Trick or Treat Leaders

Yes, it’s that time of year again, your doorbell rings and you answer, knowing that what you see at your door really isn’t what it appears to be. The masks and the costumes have nothing in common with who is behind them… at least we hope so.

I was thinking about how much this resembles hiring for leadership positions. Those who come before you with resume in hand may not be what they appear to be.

“My main job was developing talent. I was a gardener providing water and other nourishment to our top 750 people. Of course, I had to pull out some weeds, too.” — Jack Welch

Tricked or Treated?

There may be some ghouls lurking in your organization, so it’s essential to know who’s behind the masks. You want to avoid the frightening experience of being tricked by a leader who isn’t a good fit for your organization.

We all would instead be treated to a leader suited for the position, effectively exceeding all expectations. So, let’s take a closer look at some leaders whose character flaws may possibly go bump in the night.

Monsters under the bed

This fear-driven leader is always looking under the bed to be sure that failure isn’t waiting to spring into action when the lamp is turned off. This skittish director is convinced that the monster is planning to undermine their credibility and take away their position.

Note to self: fear-driven people tend to be positional leaders. They’re more about self-preservation than about empowering others. Look for those who empower others.

Skeletons in the Closet

Here’s another fearful leader who’s keeping a close watch on the closet door, always afraid that some suppressed incident or personal conflict from the past; will suddenly introduce itself to colleagues and executives, and ultimately cost them their job.

Note to self: Having a proper personnel assessment as part of your company’s operating system can help valuable leaders overcome their fears and failures to become a surprising treat to the company.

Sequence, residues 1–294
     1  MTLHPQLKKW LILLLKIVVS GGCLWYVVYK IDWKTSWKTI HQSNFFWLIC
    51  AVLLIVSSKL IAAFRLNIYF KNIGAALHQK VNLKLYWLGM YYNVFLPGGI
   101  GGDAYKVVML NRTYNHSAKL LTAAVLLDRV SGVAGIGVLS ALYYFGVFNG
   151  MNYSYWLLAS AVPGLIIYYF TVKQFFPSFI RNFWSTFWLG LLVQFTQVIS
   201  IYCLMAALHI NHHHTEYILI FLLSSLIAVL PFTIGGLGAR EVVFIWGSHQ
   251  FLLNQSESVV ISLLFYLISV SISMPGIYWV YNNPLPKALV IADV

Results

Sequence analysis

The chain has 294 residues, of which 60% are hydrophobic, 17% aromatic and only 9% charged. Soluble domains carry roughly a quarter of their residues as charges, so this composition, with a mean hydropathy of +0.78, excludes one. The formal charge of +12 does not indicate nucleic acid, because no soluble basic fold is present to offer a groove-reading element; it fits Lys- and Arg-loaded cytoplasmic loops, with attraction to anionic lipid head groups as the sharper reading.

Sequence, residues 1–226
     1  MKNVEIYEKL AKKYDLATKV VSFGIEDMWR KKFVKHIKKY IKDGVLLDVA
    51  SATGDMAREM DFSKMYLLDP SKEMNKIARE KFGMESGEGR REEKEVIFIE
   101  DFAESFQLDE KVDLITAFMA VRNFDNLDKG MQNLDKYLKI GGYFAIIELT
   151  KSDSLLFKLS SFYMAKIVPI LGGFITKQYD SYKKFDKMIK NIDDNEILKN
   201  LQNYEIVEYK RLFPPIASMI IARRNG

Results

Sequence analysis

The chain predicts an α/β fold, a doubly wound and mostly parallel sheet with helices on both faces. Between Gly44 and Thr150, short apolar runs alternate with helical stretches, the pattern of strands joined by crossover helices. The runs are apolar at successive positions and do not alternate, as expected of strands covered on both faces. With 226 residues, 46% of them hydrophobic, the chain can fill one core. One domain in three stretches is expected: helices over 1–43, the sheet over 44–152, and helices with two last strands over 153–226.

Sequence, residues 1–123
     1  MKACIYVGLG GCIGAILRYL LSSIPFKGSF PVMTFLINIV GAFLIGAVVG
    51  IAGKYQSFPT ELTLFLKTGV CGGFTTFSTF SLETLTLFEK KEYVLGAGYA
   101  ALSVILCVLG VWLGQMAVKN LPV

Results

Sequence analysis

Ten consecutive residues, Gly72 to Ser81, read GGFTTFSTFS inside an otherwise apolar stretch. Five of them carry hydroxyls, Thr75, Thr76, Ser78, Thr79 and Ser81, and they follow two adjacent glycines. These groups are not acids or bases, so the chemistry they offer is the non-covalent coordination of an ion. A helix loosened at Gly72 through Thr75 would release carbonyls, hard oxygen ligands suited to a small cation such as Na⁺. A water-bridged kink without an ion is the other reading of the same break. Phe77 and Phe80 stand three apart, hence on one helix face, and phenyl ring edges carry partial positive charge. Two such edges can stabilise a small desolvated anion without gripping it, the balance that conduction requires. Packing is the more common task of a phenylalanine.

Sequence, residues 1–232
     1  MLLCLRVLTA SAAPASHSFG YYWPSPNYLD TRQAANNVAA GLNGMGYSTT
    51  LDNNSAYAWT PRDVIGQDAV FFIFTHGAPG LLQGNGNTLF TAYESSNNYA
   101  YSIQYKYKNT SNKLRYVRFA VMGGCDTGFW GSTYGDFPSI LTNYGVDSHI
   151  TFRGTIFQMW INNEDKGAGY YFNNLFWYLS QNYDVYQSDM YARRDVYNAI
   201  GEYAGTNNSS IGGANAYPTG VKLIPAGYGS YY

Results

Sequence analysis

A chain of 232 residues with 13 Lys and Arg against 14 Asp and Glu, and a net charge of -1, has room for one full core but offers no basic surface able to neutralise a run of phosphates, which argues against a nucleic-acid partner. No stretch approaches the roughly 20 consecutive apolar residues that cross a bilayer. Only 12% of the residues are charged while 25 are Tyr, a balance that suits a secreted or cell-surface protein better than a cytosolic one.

“Leaders don’t create followers, they create more leaders.” — Tom Peters

Invaded by Body Snatchers

I’m sure we’ve all had it happen, when one zombie creeps in undetected, and begins devouring one team member after another with negative talk. It could be bad-mouthing other employees, breeding mistrust for other leaders, by sabotaging good ideas, until an exodus of personnel begins.

Note to self: Understanding the difference between “personal-oriented” and “personnel-oriented” leaders will safeguard your leadership team’s chemistry. Clarifying expectations and the organizations’ culture upfront can also go a long way toward keeping members of your leadership team on the same page, protecting them from the body snatchers.

The Phantom

This masked leader has a dark side, promising the moon and stars, and delivering nothing. When crunch time comes, and everyone else is feeling the pressure, this ghoul is nowhere to be found. He/she is either calling out sick, always on a break, or conspicuously missing from team huddles.

Note to Self: Develop leaders who are all in, it will save you from an untimely discovery that when they’re needed most, they really weren’t in at all.

Asking the right questions reveals who’s behind the mask

When assembling a leadership team or working with your present team.

Ask yourself if they add value to people?

How do they interact with your team and those they’re leading?

Are they empowering or discouraging those who work with them?

Ask them what motivates them, and what brings them the most satisfaction?

“Effective leadership is not about making speeches or being liked; leadership is defined by results, not attributes.” – Peter Drucker

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